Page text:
Step-by-Step Guide to Better Sunset Photography

Having a DSLR camera to use is the ultimate thrill for a budding photographer. Taking great sunset shots should be easy with such a great tool, right? You would think so, yet I know people who have invested in decent cameras but still could not create stunning sunset shots that even their previous compact camera could take. This article suggests steps you can take to optimize your DSLR for sunset photographs.

steps to better sunset pictures with your camera

Photo by Howard Ignatius; ISO 400, f/11.0, 1/25-second exposure.

1. Shooting Mode

Many compact cameras have a setting for sunsets, yet many DSLRs don’t, so you have to take control of the situation. Turn off your fully auto, or basic shooting modes, and use your creative zone modes of P (program mode), Tv (shutter priority), Av (aperture priority) or M (manual) so that you have full control over the camera’s parameters.

2. White Balance

Auto White Balance can neutralize a sunset’s glow, so switch to manual White Balance and choose a setting of Cloudy or Shade.

3. Picture Styles

Most DSLRs give you a number of user-defined picture styles if you’re shooting JPEGs, so set one of these up for taking sunsets. Leave sharpness as standard and add a little saturation.

You need to reduce the contrast to avoid your final image appearing over silhouetted. Adjust the Contrast slider in your user defined Picture Style one or two notches to the left. A reddish color cast can also be achieved by doing the same with your Color Tone settings.

instructions for better sunset photography

Photo by Rennett Stowe; ISO 100, f/13.0, 1/160-second exposure.

4. ISO

Set your ISO at the lowest setting of ISO 100. There’s usually plenty of brightness in the sky, so this is fine. Sunsets can suffer from grainy images with higher ISO settings.

5. Metering Mode

Exposure is important in any sunset shot. It’s best to switch to partial metering mode and take a manual meter reading. This can be a difficult aspect of digital photography for beginners, so I’ll explain how to do this.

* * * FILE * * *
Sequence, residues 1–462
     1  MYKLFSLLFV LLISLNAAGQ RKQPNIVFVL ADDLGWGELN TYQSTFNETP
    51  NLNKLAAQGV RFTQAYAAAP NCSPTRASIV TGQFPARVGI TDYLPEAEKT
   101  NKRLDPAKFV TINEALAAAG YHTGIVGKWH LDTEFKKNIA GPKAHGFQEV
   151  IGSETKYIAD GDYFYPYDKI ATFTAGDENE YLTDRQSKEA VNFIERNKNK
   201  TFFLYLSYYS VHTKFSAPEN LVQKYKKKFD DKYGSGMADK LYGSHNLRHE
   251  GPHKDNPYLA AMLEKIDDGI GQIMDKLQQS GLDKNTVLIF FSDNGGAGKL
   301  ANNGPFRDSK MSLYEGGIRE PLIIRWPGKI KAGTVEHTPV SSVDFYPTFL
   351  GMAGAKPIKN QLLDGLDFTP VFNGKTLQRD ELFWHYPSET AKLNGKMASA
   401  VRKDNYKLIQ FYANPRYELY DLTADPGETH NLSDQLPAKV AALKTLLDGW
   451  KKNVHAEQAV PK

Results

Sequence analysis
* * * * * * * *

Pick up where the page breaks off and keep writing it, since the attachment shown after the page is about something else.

Once in partial metering mode, point the camera at a bright area of the sky, directly above the setting sun. Press the star button on the back of the camera to take a light reading and to set the exposure. Then compose your shot and press the shutter release to drive the autofocus and capture the image.

6. Composition

step by step instructions to taking beautiful sunset photos

Photo by darwin Bell; ISO 200, f/9.0, 1/250-second exposure.

Consider your composition. Silhouetted objects and figures in the foreground will add interest. Reflective surfaces, such as lake water, the sea, or wet roads will bring added color to the shot.

Beware—once the sun starts to near the horizon, it sinks surprisingly quickly. This also happens to be the optimum moment when you will catch the strongest shots, yet it can come and go in an instant. Be prepared—make sure all your settings are in place well before this time.

sunset photography advice and tips

Photo by Lukas Schlagenhauf; ISO 100, f/8.0, 1/40-second exposure.

When the sun has disappeared, it doesn’t mean you should. For another thirty minutes or so, there can often be some amazing color across the sky, so keep looking for more opportunities for great photos.

learn to take amazing sunset photography

Photo by Vincent Hou; ISO 100, f/11.0, 15-second exposure.

I hope this step-by-step sunset guide for beginning photographers has been helpful and that you can catch some beautiful sunset photos in the future. They truly are wonderful shots to look back on.

About the Author:
Article written by Paul Summers from PhotographyCourseOnline.

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6 responses to “Step-by-Step Guide to Better Sunset Photography”

  1. Norman Silva says:

    You make the following statement..”Many compact cameras have a setting for sunsets, yet DSLRs don’t”.

    Both my Nikon D5100 and D610 have “sunset settings” which I shoot in RAW.

  2. Michael says:

    I’m afraid I am in a dumb mode. What about exposure settings? I enjoy your article, but I am a bit confused. Thanks…M.

  3. Janeen says:

    Is this article for Canon users because I don’t have a “star” on the back of my Nikon. The basic information was somewhat helpful but I felt it was not detailed enough or provided info for various cameras. Perhaps because they want you to buy the ebook?

  4. Mali John says:

    My Olympus PEN E-PL3 has a SUNSET setting as well but there are times when I prefer to shoot sunsets and sunrises manually.

  5. Arni says:

    Great Guide Paul. Thank You

  6. Bigger says:

    Thanks for helpful guides! it’s clear and easy to keep track…

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